Thursday, November 12, 2009

Ever heard the phrase "pre-fade"?

Wednesday, I brought the baritone. I have it tuned to C#. That's kinda like the B string on a 5-string bass — you have that so you can play D like it's B and have some low notes a few frets higher where it fits in the hand more easily. C# means you get E like it's G. Which is nice.

It also means you have to rethink all your chords and the relationships. Which is good for your musical thinking, for your fretboard knowledge.

But there's a thing. My C# is a Rondo STL50, and it's got cheap tuners, and trying to get it right in tune with the lower notes is hard, and the cheap tuners make it harder. OK, part of it, a big part, is on me, but I think the hardware can take some blame.

Speaking of blame....

I have been having problems with monitors recently. With the in-ear, the monitor levels are in Aux 8, and Aux 8 should be dimed so each in-ear unit can mix an individual mix. But the guitars were turned down, so while I was absolutely pushing it and out loud in the house, I was buried in my head and could barely hear myself. But I know that problem and it is solved.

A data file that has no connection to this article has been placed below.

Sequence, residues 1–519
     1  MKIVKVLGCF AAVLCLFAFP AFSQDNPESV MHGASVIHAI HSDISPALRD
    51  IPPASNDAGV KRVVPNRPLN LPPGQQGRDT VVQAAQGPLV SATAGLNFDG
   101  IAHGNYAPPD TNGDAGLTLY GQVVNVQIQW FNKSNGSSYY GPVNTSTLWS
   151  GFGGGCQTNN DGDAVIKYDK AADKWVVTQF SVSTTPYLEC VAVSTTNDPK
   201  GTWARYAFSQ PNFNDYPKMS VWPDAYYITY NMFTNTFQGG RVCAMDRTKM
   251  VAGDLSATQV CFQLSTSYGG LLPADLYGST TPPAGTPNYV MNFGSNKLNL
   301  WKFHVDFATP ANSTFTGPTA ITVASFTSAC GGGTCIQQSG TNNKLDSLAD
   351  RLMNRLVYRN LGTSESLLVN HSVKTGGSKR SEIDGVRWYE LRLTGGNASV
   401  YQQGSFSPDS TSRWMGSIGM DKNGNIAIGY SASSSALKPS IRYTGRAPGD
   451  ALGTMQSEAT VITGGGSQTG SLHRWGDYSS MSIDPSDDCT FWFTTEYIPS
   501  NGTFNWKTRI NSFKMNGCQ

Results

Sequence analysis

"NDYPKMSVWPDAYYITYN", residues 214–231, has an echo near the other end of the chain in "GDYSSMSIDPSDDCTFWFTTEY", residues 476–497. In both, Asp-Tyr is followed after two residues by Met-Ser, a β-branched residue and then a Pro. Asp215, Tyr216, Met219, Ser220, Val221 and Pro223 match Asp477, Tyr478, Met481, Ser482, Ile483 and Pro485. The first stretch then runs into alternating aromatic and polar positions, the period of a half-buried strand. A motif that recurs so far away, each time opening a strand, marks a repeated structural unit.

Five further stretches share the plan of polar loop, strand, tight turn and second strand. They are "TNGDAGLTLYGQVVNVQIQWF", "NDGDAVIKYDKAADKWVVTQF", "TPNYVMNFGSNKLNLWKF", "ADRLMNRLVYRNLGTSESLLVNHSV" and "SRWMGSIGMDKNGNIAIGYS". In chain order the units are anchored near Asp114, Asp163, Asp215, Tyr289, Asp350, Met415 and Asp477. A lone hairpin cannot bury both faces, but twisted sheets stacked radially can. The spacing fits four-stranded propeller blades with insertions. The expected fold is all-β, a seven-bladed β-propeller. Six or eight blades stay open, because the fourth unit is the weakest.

But on Wednesdays, we've moved rooms, and we now use monitor wedges. Like everybody else in the world, I know. I have been so spoiled by in-ear monitors over the years. It's sick, I have to say. Zappa called modern recording mixes "imaginary rooms", where a fingerpicked classical guitar can be heard over a blasting Les Paul through a Marshall stack, and with the in-ear, you can have your own imaginary room. It's great. Playing to a wedge monitor makes me sad.

I was jammin', getting in touch with the C#, D and D# I never had access to before, and the sound guy started tweaking and suddenly I had nothing. Nothing. Turns out, there's a switch, which controls pre/post fader. You want the monitors to be pre-fade, to split off before the fader, so I can hear myself in the monitor mix even when I'm tuned down in the house mix.

You don't need to be a sound guy. You're a musician and you're doing your job. But these are a few of the things you want to be able to ask about if you're having problems.

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